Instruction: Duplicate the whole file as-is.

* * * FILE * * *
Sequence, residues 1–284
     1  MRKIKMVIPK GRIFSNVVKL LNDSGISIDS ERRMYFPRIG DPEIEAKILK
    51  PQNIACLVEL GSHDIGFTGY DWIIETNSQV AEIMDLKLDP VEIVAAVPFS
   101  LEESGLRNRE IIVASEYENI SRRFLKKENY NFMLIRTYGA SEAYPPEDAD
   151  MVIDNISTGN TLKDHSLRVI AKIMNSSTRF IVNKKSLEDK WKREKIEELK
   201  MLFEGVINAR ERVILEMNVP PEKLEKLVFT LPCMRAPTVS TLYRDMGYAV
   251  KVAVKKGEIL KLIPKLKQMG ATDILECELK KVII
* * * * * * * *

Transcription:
Sequence, residues 1–284
     1  MRKIKMVIPK GRIFSNVVKL LNDSGISIDS ERRMYFPRIG DPEIEAKILK
    51  PQNIACLVEL GSHDIGFTGY DWIIETNSQV AEIMDLKLDP VEIVAAVPFS
   101  LEESGLRNRE IIVASEYENI SRRFLKKENY NFMLIRTYGA SEAYPPEDAD
   151  MVIDNISTGN TLKDHSLRVI AKIMNSSTRF IVNKKSLEDK WKREKIEELK
   201  MLFEGVINAR ERVILEMNVP PEKLEKLVFT LPCMRAPTVS TLYRDMGYAV
   251  KVAVKKGEIL KLIPKLKQMG ATDILECELK KVII